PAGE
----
Articles Posted in Nursing home fraud

MedicareFull coverage of Medicare Part A benefits is said to be at risk within seven years as funding begins to run out. This could potentially lead to long-term effects that will be devastating to a large number of nursing homes and those who operate them, as well as the healthcare system as a whole.

Generally, Medicare Part A is responsible for covering inpatient care in a hospital, skilled nursing facility care, hospice care, and through home health care programs. Medicare is based on the laws set by the state and federal government, and it is up to national and local decision-makers to set the coverage standards.

The Hospital Insurance (HI) Trust Fund directly supports Medicare Part A benefits, which include skilled nursing services and facilities. This fund will only have the means to help provide these benefits up until 2026, according to the findings of the Medicare Board of Trustees. These are the same findings recorded last year and display a serious potential for a decline in spending on skilled nurses.

One of the nation’s largest nursing home chains agreed to pay $38 million to settle federal and state charges that it wrongly billed Medicare and Medicaid for “effectively worthless” services and failed to provide proper care for some residents.

Extendicare Health Services Inc., which through its subsidiaries operates 146 skilled nursing facilities in 11 states, will pay $32.3 million to the federal government and $5.7 million to eight state Medicaid programs to settle False Claims Act charges. Two whistleblowers will share just more than $2 million for reporting the wrongdoing.

David Marshall, a name partner at Katz, Marshall & Banks who along with Vogel, Slade & Goldstein represented whistleblower Tracy Lovvorn, said, “Whenever a health-care company administers services based on profit rather than patient needs, both the patients and the taxpayers suffer harm.” Lovvorn received $1.8 million of the whistleblower award, plus another $990,000 from Extendicare to settle her claims for unlawful retaliation and attorney fees.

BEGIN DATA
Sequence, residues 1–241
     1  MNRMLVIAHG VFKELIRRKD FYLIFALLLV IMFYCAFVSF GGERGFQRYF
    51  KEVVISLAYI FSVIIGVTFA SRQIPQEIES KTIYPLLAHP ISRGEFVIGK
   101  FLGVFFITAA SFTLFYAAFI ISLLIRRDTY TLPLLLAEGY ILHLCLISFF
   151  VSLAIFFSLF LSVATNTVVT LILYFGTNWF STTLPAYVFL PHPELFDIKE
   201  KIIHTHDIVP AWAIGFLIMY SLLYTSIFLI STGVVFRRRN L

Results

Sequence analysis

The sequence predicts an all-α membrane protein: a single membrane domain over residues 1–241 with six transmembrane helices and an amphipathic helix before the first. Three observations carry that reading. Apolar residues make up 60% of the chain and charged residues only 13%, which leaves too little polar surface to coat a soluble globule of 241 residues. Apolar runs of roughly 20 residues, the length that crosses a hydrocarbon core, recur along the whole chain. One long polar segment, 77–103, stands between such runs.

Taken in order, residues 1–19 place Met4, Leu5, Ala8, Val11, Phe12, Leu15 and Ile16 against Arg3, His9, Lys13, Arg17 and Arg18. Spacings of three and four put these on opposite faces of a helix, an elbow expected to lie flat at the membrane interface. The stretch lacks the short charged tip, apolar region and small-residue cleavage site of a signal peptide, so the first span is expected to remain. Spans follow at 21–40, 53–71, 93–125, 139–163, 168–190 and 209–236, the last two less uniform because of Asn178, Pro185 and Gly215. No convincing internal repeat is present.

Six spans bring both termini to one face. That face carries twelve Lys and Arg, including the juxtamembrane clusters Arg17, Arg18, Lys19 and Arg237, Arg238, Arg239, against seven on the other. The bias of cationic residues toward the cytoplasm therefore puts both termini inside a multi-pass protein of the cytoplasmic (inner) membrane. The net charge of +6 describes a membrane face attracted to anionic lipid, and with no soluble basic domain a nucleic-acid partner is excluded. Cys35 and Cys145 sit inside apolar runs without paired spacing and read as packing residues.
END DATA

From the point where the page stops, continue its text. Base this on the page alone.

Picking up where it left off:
The Ensign Group Inc. which operates a large number of nursing homes has agreed to pay $48 million to resolve allegation that it submitted inflated bills to Medicare for physical, occupational and speech therapy services for Medicare beneficiaries which weren’t medically necessary or never took place.

The case which was originally brought by two company whistleblowers Gloria Patterson and Carol Sanchez was joined by Uncle Sam and related to billing from the period 1999 to 2011. The allegations stated that Ensign incentivized therapists to increase the amount of therapy provided to Medicare beneficiaries that weren’t medically necessary.

The case was brought under the False Claims Act which allows individuals to bring a case on behalf of the government and to collect up to 30% of what the Government collects. The whistleblowers are expected to be rewarded about $4.8 million each for bringing forth the information concerning company fraud.

The owner of a nursing home has been sentenced to 27 months in federal prison for fraudulently billing Medicaid programs $45,039,230 over 2.5 years. Umawa Oke Imo a citizen of Nigeria and owner of City Nursing Services in Texas was found guilty of 39 counts of health care fraud.

This month the government unveiled a scheme by two companies Omnicare and IVAX, which was uncovered when whistleblowers came forward to file lawsuits.The settlements WHICH RESULTED IN OVER $112 million returned to the givernment are based on five separate whistle blower lawsuits filed by private individuals and consolidated in U.S. District Court in Massachusetts under state and federal false claims statutes. The states and the federal government alleged that Omnicare and IVAX engaged in several unlawful kickback schemes:

* Omnicare solicited and received $8 million for agreeing to purchase $50 million in generic drugs from IVAX Pharmaceuticals and to push nursing home patients to use the drugs.

* Omnicare paid $50 million to certain nursing home chains in exchange for 15-year contracts to refer nursing home patients to Omnicare for the patients’ drug purchases.